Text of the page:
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PETE CASTLE - "False Waters" Steel Carpet Music MATS012CD

I once had an argument with an Irishman who assured me that there was no such thing as English folk music. When I convinced him that there was he said "Well, why do I never hear any?" It's true, of course that while the Scots and Irish are proud of their folk traditions, the English are not. In England folk songs are yokel songs, or children's songs, or 'bad' songs. The folk group in 'Four Weddings & A Funeral' had to be a 'bad' folk group. It couldn't have been a 'good' one.

Since the folk revival began some singers have, of course, carried a torch for English music as a distinct and distinctive tradition. Martin Carthy, Shirley Collins and Nic Jones are names that spring readily to mind. This is not to say that their approach has been insular - all folk traditions are eclectic - but that their music has its roots in an English tradition. Pete Castle is a worthy follower in that tradition. Don't be put off by the awful title of his latest album. 'False Waters' is full of gems and Pete Castle's starting point is the English tradition. He has even Anglicised the Celtic song 'Lakes of Coolphin'. There are some English classics on the album - 'The Poisoned Cup', 'Rosie Ann' and 'Noble Lord Hawkins' all of which are sung and accompanied in a characteristically unadorned English style.

But the English tradition is only the starting point of the album. All traditions evolve and absorb new influences, and Pete Castle has been absorbing other traditions, notably Transylvanian and American. It is the Transylvanian influence that I find most interesting. The wild, uninhibited music of Transylvania and the sedate English tradition seem strange bedfellows, and I hope that Pete Castle and his friends intend to work on this fusion. As it is we get the traditional Transylvanian braci producing a haunting accompaniment to 'The Cruel Mother' which is followed, not very convincingly, by a traditional wolf dance. This left me wanting more. I am less sure about the American influences perhaps because I have seen English folk music fight hard to establish a non-American identity. Of the fourteen tracks on the album the only one I dislike is the doomy 'The Lads They'd Been a-Drinking'.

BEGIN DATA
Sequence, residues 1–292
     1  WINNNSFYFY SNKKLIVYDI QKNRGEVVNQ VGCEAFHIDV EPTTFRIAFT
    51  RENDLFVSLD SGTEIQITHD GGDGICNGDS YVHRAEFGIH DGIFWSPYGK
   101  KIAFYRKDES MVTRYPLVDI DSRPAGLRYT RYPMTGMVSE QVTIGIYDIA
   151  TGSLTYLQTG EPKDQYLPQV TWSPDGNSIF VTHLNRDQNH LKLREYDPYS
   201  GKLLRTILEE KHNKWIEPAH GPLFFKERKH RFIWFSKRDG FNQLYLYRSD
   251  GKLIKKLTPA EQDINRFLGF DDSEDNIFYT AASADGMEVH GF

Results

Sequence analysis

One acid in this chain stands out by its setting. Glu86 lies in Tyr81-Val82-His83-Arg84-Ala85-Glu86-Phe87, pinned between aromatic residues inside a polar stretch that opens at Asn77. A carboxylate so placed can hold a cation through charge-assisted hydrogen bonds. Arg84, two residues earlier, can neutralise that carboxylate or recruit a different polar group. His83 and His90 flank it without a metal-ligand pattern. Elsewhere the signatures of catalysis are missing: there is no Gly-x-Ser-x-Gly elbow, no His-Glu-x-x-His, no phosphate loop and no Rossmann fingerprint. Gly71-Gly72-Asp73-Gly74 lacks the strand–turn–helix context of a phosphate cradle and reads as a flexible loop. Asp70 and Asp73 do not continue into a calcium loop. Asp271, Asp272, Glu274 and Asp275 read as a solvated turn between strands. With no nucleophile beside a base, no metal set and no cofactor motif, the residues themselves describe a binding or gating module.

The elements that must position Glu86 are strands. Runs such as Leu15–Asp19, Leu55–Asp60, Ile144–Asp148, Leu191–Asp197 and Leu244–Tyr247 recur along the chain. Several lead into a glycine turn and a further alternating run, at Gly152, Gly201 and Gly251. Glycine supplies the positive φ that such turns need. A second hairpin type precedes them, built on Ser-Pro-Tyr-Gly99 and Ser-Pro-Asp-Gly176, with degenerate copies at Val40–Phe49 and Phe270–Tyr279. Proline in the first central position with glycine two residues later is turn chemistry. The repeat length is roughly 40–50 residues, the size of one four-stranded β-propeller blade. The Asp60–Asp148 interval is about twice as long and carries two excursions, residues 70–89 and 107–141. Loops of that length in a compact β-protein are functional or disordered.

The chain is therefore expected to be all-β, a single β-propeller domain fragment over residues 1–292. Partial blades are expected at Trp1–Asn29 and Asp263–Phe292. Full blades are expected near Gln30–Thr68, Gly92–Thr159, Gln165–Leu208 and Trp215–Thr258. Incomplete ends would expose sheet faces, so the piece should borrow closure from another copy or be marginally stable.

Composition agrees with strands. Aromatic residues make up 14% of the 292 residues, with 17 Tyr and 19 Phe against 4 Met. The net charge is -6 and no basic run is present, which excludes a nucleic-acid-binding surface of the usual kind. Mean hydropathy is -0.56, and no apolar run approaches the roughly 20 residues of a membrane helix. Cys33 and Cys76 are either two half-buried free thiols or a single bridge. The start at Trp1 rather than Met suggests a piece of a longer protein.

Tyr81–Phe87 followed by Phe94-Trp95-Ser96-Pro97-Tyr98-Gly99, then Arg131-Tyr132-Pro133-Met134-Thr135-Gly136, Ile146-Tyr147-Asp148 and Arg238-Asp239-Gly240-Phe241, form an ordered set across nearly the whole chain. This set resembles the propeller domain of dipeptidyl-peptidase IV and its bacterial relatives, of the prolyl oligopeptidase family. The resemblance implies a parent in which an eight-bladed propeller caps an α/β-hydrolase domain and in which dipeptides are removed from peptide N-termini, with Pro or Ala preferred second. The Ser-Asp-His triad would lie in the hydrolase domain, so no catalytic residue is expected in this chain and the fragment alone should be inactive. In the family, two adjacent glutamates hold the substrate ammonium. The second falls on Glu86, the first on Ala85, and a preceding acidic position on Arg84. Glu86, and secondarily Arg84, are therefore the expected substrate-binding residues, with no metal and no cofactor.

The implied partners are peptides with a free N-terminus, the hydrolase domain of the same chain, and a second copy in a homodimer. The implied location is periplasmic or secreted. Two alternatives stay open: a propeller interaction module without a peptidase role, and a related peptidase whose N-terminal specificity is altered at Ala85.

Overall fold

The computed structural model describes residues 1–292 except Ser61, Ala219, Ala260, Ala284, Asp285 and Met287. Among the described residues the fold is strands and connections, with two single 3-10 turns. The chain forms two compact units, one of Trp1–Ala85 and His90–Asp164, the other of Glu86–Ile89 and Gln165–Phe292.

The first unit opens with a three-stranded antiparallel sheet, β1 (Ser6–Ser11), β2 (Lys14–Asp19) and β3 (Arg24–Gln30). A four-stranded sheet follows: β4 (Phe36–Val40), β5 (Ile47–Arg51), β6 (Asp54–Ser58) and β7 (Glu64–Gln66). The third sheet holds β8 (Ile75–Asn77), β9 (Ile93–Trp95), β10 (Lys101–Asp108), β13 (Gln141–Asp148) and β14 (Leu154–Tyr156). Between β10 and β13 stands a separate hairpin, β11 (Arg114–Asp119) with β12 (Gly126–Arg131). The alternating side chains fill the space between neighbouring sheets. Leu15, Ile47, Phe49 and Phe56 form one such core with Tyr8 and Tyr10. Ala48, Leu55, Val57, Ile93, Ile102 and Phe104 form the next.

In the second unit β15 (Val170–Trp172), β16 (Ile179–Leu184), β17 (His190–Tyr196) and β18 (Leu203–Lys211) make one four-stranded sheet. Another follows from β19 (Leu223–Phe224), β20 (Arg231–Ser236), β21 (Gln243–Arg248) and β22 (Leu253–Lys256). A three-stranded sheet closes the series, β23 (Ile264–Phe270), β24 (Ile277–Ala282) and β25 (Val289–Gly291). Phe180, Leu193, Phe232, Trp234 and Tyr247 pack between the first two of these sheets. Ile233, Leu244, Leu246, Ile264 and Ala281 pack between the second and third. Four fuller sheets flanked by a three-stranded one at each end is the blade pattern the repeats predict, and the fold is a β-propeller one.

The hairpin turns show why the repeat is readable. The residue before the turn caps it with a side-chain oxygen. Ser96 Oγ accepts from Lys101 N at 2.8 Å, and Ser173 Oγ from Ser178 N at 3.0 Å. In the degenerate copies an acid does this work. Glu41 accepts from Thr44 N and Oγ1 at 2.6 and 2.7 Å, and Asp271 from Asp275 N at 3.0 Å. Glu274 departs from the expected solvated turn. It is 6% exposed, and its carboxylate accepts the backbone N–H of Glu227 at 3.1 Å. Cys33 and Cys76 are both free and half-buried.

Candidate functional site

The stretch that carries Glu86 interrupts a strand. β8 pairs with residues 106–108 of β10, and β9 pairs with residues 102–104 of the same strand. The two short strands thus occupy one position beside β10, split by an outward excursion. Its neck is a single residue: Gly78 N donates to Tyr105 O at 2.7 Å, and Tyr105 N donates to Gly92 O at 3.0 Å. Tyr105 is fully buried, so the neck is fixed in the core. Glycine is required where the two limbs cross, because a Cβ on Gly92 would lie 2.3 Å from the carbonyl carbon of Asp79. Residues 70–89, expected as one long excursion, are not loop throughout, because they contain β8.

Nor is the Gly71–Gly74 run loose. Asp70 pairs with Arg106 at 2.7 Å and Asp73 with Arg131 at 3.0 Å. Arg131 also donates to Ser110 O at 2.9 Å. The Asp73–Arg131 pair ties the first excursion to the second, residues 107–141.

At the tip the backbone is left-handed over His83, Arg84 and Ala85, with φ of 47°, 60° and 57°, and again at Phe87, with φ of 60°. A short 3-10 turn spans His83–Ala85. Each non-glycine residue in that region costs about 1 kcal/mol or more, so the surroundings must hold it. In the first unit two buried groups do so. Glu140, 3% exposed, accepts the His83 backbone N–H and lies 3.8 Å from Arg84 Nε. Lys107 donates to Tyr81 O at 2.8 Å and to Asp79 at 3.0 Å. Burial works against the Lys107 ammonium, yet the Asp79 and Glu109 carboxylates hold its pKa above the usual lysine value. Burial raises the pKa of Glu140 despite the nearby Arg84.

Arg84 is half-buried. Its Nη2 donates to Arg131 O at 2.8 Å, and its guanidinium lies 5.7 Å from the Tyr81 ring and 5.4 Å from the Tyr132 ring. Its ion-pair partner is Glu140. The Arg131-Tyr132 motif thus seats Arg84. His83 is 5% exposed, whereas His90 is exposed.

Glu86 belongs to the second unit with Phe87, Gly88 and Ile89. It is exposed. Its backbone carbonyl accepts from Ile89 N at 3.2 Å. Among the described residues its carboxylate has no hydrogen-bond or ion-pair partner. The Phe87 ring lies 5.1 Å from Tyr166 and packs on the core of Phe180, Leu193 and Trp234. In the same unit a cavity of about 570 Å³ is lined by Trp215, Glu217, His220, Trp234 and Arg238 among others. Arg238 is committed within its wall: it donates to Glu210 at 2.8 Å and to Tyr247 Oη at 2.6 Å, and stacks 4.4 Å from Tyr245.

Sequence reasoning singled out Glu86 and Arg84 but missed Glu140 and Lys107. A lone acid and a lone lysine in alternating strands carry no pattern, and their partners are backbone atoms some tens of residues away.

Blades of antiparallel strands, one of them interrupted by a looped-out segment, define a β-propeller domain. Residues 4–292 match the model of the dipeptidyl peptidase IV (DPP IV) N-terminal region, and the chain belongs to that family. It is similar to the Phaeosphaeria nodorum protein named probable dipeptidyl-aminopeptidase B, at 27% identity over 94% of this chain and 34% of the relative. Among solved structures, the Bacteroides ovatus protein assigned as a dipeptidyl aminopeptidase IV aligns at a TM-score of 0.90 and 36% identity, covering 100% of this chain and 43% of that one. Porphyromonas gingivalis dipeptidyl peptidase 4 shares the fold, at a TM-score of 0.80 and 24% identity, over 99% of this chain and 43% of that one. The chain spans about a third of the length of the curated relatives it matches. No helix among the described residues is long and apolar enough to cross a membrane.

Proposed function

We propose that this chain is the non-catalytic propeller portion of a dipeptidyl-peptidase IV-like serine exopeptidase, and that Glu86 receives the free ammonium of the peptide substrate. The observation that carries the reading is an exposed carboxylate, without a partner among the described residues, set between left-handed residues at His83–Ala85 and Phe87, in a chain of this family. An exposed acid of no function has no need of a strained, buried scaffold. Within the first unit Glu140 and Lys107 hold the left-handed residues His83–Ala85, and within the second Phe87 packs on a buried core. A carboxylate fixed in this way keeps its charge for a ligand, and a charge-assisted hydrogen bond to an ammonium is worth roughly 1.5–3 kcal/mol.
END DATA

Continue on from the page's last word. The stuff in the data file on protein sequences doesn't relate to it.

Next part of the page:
This is an album that will please traditionalists and satisfy those who like to see traditional music evolving and moving on.

HOWARD BAKER

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This album was reviewed in Issue 14 of The Living Tradition magazine.